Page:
If we want to declare war on Alzheimer’s, advocates and researchers form the frontlines. What’s at stake in this war? The lives of 5.4 million Americans living with Alzheimer’s disease will be lost. Who lies within the danger zone? One American in eight over age 65 has Alzheimer’s and those who live to be 85 and older have a 50% chance of developing the disease.
The war against Alzheimer’s begins with a battle called the Alzheimer’s Advocacy Forum. Our mission is to carry a strong message to our legislators to implement the National Alzheimer’s Project Act (NAPA) and co-sponsor the HOPE for Alzheimer’s Act. We are the faces and the stories of a heartbreaking disease that currently has no effective treatment or cure.
My sister Roberta and I traveled to Washington DC to join more than 700 advocates to speak with the VOICE of hope and reason. This was my twelfth consecutive trip, and you would think by now, I would just leave it to others. My reminder of why this is so important to me was reinforced by a side trip to the Veteran’s Cemetery on the way to the airport. I placed flowers in front of the columbarium to mark the seventh anniversary of Jim’s passing. I paused to reflect on the Alzheimer’s type of dementia that robbed Jim of not only his life, but also ten years leading up to his death.
Kathy and Sarah at Candlelight Rally 2012
Each year I see familiar faces, especially my good friends Kathy and Sarah, who have run the Alzheimer’s gauntlet from beginning to end. Then there are new faces of caregivers and people with Alzheimer’s who are reeling from the diagnosis and trying to cope with the drastic changes Alzheimer’s has made in their lives.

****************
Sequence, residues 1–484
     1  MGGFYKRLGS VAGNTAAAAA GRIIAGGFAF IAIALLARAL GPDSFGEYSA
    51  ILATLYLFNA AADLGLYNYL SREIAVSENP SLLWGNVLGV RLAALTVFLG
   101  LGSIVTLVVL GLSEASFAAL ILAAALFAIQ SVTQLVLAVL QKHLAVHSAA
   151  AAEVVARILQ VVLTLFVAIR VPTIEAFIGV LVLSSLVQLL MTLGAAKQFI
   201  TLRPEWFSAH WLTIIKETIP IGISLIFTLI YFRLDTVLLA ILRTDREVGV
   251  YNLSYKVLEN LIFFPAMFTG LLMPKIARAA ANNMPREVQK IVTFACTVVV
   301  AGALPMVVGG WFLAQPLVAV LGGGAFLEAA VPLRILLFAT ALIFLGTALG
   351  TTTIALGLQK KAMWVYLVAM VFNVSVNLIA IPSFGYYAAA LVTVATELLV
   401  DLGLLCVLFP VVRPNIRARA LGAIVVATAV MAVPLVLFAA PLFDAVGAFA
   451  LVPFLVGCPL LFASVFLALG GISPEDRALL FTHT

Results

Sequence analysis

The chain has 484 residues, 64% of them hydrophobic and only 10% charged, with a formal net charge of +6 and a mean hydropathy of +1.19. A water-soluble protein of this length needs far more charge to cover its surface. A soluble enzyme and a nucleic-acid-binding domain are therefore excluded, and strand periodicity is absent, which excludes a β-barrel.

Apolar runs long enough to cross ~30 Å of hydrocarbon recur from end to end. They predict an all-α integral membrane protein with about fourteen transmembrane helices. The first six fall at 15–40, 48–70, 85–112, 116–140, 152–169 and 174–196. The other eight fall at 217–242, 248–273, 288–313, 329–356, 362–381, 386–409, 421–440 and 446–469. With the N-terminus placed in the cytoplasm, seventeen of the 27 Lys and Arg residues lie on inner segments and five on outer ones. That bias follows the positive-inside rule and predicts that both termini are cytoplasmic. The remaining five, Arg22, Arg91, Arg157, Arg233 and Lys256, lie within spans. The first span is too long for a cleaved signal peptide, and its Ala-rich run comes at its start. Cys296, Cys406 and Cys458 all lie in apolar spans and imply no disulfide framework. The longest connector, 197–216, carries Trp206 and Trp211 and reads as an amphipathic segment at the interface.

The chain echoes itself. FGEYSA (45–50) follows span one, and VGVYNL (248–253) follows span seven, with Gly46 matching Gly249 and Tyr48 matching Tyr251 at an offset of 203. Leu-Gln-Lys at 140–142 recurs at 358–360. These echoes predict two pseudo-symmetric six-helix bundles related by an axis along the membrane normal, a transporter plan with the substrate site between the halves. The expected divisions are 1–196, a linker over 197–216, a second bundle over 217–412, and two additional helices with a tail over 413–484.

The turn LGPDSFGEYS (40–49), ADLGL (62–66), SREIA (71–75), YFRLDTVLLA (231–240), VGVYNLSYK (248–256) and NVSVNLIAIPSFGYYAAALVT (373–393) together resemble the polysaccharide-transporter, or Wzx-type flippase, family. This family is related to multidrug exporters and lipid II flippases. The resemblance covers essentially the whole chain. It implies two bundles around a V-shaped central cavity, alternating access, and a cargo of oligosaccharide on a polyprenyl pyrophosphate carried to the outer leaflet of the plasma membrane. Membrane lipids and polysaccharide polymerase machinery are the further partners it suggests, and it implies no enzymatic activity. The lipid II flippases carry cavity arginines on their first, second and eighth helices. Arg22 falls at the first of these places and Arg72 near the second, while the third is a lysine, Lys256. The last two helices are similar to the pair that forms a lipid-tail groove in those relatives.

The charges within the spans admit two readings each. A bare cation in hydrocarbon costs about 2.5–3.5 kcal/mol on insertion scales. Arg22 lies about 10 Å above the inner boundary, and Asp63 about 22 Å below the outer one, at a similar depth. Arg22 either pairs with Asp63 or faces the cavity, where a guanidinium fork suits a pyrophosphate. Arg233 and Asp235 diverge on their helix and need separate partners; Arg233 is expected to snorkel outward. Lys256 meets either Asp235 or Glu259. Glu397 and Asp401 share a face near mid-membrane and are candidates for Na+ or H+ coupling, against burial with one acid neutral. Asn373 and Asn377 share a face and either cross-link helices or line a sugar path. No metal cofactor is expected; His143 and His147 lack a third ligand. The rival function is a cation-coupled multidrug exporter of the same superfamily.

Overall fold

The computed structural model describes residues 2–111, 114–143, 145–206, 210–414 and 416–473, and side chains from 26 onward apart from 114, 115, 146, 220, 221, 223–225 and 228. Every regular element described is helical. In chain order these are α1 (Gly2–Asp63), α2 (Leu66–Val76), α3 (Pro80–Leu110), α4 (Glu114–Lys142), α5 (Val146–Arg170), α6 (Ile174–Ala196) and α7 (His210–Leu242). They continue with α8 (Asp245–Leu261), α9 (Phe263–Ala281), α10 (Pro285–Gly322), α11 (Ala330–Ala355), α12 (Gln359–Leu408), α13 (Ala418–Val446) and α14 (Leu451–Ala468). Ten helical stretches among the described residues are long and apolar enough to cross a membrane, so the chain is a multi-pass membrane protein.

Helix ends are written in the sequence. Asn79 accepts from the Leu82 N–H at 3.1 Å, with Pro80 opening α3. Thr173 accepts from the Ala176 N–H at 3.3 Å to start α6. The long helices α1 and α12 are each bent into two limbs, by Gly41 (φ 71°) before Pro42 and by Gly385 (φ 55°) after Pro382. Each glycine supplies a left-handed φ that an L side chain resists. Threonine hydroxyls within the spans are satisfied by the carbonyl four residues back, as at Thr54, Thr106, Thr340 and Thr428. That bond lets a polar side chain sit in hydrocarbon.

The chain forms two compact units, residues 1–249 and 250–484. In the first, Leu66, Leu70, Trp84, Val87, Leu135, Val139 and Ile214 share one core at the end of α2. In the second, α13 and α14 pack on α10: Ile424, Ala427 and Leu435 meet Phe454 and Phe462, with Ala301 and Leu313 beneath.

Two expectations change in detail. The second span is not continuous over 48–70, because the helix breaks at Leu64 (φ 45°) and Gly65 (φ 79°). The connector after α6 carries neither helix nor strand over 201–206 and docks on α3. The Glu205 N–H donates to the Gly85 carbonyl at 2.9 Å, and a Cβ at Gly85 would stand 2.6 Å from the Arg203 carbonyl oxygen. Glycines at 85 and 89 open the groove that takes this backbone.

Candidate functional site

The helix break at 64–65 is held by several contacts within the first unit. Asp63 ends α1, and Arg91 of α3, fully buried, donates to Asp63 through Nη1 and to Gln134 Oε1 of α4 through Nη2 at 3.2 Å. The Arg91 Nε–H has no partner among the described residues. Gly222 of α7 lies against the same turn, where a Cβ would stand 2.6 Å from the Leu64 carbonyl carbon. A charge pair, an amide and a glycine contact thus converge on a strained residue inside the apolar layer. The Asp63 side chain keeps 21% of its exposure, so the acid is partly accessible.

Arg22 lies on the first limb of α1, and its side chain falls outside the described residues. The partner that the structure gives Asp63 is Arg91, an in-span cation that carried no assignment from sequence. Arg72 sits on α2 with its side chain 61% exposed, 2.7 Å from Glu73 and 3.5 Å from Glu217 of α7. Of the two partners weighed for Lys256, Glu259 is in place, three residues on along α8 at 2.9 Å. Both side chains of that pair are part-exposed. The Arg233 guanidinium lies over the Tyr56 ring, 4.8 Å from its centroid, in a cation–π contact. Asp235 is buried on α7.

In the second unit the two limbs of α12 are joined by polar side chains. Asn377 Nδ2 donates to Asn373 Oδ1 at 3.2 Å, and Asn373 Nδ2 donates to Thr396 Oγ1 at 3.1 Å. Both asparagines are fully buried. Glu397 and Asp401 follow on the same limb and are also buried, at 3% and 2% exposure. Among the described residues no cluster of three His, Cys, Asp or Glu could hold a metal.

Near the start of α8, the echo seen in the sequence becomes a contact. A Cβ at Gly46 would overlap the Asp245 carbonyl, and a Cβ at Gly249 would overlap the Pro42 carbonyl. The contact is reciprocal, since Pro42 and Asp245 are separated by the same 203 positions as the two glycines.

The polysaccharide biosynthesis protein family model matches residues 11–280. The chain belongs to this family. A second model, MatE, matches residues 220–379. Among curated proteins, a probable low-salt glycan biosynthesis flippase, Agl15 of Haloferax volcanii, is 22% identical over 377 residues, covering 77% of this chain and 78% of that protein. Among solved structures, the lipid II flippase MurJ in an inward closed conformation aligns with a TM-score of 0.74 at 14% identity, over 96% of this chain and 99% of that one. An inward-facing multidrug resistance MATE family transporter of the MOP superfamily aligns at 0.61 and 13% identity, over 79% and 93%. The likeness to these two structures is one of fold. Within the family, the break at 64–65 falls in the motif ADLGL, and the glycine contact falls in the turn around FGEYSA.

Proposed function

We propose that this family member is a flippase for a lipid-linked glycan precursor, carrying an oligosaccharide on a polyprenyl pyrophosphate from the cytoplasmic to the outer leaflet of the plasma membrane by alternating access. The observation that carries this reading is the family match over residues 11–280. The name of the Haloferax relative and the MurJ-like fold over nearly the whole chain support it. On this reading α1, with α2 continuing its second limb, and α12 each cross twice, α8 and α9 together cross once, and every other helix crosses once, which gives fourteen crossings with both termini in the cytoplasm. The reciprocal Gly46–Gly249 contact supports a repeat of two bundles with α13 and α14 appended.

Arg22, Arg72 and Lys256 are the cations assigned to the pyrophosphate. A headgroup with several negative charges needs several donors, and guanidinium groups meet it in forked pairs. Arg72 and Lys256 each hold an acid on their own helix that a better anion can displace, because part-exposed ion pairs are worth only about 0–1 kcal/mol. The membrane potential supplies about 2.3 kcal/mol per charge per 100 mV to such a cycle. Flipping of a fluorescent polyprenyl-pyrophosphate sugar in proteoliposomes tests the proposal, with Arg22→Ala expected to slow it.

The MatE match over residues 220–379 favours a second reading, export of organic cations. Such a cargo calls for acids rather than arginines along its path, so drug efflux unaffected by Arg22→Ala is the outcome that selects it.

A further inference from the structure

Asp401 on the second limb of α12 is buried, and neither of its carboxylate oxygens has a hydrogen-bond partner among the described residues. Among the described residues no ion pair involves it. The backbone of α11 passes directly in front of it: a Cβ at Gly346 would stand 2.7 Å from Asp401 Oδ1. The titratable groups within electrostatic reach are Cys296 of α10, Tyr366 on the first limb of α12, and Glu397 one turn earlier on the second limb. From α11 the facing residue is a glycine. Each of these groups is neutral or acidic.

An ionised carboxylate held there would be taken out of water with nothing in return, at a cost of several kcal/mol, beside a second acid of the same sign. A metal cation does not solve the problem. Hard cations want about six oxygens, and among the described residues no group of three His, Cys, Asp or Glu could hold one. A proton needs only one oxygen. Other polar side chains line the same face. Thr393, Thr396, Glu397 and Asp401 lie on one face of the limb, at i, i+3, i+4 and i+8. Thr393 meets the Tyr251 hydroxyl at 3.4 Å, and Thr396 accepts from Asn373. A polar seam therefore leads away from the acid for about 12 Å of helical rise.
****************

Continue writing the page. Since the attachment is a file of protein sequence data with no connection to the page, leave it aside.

One of the early events each year is the candlelight rally to remember. The event was scheduled to be at the Capitol Building, but weather forced it indoors. After stirring music and testimonials from former Congressman Moore and other advocates, we lit up glow sticks and held them high in remembrance of our loved ones and to honor the caregivers and persons living with Alzheimer’s.
The roll call of the states was filled with exciting progress made in all fifty states. After a full day packed with research updates, advocacy training, and discussion of our federal priorities, we finished the day with the National Alzheimer’s Dinner where Meridith Viera served as Master of Ceremonies. The Profile in Dignity Award was given to Pat Summitt, University of Tennessee Women’s Basketball Head Coach Emeritus, and her son Tyler. After a humorous film showing Pat motivating her team, she invited us to join a giant team to fight Alzheimer’s, and, of course, losing is not an option.
On Wednesday, we donned our purple sashes and armed with facts, figures, and personal stories, we headed out to storm Capitol Hill with our message. We asked for the resources to support NAPA. For the plan to be successful, we need a two-pronged approach. (1) The plan needs to include benchmarks that allow legislators to evaluate progress, and (2) resources of $100 million annually for Alzheimer’s research, education, and caregiver support.
In addition to NAPA, we asked for co-sponsors for the HOPE for Alzheimer’s Act. The Hope Act focuses on three key areas: diagnosis, care planning services, and medical record documentation.
I know from personal experience, the vital importance of these three areas. Because Jim was so young, it was hard to get a diagnosis. Once we knew he had dementia, care planning for him and support for me were key factors to consider. This Act allows the caregiver to discuss options with or without the person with dementia present. I kept record of Jim’s treatments, other medical conditions, and test results and provided the document to every specialist that treated him. For those who don’t have someone to do this, medical documentation would ensure the entire medical team was aware of all health issues.
After our visits, we entered the Capitol Building to see the House in action. As we went through security, the guard handed me my purple Alzheimer’s Association bag, and leaned close to whisper, “Thank you for doing such a good job.” As I smiled at him, I realized he knew the pain of having a loved one with Alzheimer’s.
Seven hundred Advocates made a commitment give a VOICE to Alzheimer’s research and care. In this war against Alzheimer’s, our VOICEs are indeed mightier than the sword.